Estate savichi belonged to the Voynilovich family for almost 2,5 centuries, starting from 1662. Once upon a time, these were the richest lands with excellent farming, a palace, a distillery and, of course, a landscape park. Today, nothing reminds of those distant times. True, if you carefully examine the village of Savichy and the nearby fields, then it is fleetingly possible to capture the ancient atmosphere of this place.
It is worth starting with burial mound of the Voynilovichiwhere many representatives of this noble family were buried. There is no road to the mound, it is located in an open field, so I advise you to choose either a frosty day or a hot and dry one for the trip - you have to go on foot.
Interestingly, the Voynilovichi from Savich did not build any tombs or at least crypts (like their relatives from Mokran), but were buried according to old traditions and rituals.
Two crosses, Orthodox and Catholic, were installed and illuminated closer to 2017, when the mound was ennobled.
Around the same period, a stone appeared in memory of Edward Voynilovich, who bequeathed to be buried in Savich, on the mound of ancestors.
However, this request could not be fulfilled, Edward Adamovich died in the city of Bydgoszcz in 1928.
With the consent of the authorities of Poland and Belarus, as well as with the approval of the church, the remains were transported to Minsk and solemnly reburied near Church of Saints Simeon and Helena (of which he was the founder) in 2006. It is curious that a street in honor of this famous public figure could even appear in the capital.
The old nameplate (or rather, a tombstone) in the picture below was found just a few years ago in the garden of one of the residents of the agro-town Timkovichi. On it is the inscription “Antoni Syn Adama. Marszalek powiаtu Sluckіеgour 1773 R ”(Anthony son of Adam, Marshalak Slutsky 1773).
If everything is clear with the mound, then find the place where he stood palace in Savichy - it will be difficult, since no landmarks on the ground have been preserved. Only old maps of the area can help in the search.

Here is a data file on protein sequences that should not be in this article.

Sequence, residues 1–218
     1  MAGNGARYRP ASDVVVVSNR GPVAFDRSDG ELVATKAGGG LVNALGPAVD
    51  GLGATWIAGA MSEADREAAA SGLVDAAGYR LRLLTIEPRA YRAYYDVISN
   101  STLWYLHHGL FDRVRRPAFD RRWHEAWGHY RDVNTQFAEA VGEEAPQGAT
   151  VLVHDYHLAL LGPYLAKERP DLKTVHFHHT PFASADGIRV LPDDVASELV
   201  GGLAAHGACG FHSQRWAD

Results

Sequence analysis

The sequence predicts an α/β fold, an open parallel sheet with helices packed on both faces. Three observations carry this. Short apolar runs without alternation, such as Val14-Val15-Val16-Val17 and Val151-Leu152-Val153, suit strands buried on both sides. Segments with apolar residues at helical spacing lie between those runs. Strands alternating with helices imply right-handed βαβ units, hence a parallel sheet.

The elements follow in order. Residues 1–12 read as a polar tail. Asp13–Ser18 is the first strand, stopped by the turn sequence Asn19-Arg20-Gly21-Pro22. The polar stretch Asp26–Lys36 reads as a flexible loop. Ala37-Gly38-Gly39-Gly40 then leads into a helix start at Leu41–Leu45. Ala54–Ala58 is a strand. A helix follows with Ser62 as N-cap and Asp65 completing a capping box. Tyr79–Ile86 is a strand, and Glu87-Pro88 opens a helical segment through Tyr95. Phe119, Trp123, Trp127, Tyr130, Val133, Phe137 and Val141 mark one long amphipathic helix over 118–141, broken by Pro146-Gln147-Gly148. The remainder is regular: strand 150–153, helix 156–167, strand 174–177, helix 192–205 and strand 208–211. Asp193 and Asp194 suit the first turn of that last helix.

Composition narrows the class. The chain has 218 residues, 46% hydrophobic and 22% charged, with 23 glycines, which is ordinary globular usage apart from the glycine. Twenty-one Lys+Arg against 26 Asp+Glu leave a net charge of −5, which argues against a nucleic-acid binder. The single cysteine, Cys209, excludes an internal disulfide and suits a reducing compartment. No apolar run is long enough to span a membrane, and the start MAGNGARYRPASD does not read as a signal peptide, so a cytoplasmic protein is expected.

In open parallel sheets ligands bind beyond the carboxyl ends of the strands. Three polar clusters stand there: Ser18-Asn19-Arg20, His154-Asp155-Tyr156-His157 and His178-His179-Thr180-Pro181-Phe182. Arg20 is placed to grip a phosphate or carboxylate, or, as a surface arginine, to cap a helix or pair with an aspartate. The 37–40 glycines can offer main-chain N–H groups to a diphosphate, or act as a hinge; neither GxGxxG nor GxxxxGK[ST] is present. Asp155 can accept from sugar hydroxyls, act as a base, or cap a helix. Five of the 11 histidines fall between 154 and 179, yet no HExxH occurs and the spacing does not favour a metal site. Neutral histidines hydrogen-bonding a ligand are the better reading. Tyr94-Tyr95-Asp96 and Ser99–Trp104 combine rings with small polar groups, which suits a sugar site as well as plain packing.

The two-story palace of classical architecture was built in the first half of the 19th century, on the site of an old wooden manor house. Outwardly, it looked rather modest, but it had a developed landscape park and rich interior decoration.
Various outbuildings were located on the territory of the palace complex: a barn, a stable, an outbuilding for servants and a distillery building, the ruins of which can still be seen today.
The main facade of the palace was distinguished by a portico with 3 arches and a classical pediment. Attention in the picture is attracted by the peculiar buttresses, which are more characteristic of Gothic and neo-Gothic architecture. Their purpose is not decorative, but quite practical - they were installed in order to strengthen the foundations of the palace.
Despite all the challenges of history, the Voynilovichi continued to expand and strengthen their possessions. There were fears that after the defeat of the 1863 uprising, the estate would be confiscated, but this did not happen.
The real trouble came in 1918, although its harbinger was visible even earlier, at the beginning of the First World War. The retreating soldiers and ardent Bolshevik peasants from the village of Savichi completely plundered the palace.
Miraculously surviving Edward Voynilovich, returning to the house of his ancestors, was morally destroyed. The same villagers with whom he grew up and spent his whole life destroyed his house. It was especially painful to see the burnt library, where an archive with family records for the last 300 years was kept.
In 1920, the Voynilovichi left Savichi, fleeing the onset of the Red Army, though still hoping to return soon.
Literally a year later, a peace treaty was signed with the designation of new Soviet-Polish borders. This agreement put an end to the plans of the Voyniloviches - their native Savichs remain with the Bolsheviks.
At his own peril and risk, Edward Voynilovich makes decisions to see his native land for the last time. He will stay in Savich for only a couple of hours, trying to understand what is happening. At that time, in 1921, the house was already completely looted, the distillery was burned down, and the park with centuries-old trees was cut down right before his eyes.
The church, which stood on the edge of the village, was closed in 1930 and began to be used for the needs of the local collective farm as a warehouse.
In the 90s, the ruins of the temple were dismantled, now a memorial cross has been erected at that place.
The village of Savichy itself, in the Kopyl district, looks rather sad today: there are many abandoned and burned-out huts, but I recommend visiting this place. You can leave the car near the ruins of the brovar and try to go to the Voynilovichi mound, below the point with a mark on the map:
If you're in the area, take a look at Kopyl and the small village of Sunai, where she was manor of the Iodko family.